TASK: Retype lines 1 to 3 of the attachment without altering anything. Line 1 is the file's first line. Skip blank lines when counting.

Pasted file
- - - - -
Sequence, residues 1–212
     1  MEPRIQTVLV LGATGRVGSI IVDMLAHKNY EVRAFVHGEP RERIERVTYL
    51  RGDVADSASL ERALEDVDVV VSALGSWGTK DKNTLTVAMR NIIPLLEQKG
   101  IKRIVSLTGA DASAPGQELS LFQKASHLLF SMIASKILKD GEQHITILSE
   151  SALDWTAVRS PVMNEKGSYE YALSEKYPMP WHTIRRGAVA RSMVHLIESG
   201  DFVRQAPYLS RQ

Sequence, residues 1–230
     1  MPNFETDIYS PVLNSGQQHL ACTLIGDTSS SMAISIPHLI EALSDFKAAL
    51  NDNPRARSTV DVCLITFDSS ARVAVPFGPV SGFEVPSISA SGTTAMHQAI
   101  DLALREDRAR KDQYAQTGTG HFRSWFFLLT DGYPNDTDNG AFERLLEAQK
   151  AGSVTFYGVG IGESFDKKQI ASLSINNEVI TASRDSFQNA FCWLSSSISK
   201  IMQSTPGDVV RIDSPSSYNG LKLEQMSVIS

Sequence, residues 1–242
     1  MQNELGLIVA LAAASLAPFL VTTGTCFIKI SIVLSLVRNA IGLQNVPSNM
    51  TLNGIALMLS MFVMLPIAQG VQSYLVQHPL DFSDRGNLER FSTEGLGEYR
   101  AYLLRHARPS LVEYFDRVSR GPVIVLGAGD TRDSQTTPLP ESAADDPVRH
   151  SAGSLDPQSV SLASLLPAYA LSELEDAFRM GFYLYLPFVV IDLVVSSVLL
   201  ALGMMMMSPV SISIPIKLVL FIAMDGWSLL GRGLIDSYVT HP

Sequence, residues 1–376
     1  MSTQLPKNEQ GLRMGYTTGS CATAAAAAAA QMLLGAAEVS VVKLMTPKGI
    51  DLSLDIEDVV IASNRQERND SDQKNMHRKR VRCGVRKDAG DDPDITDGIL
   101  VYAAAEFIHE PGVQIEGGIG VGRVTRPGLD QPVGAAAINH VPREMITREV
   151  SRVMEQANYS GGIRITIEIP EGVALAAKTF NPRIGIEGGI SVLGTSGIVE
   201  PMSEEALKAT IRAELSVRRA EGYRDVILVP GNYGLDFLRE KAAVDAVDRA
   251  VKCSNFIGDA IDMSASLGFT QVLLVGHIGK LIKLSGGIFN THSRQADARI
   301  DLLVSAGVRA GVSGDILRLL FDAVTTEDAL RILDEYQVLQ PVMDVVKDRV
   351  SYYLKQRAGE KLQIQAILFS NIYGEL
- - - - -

Sequence, residues 1–212
     1  MEPRIQTVLV LGATGRVGSI IVDMLAHKNY EVRAFVHGEP RERIERVTYL
    51  RGDVADSASL ERALEDVDVV VSALGSWGTK DKNTLTVAMR NIIPLLEQKG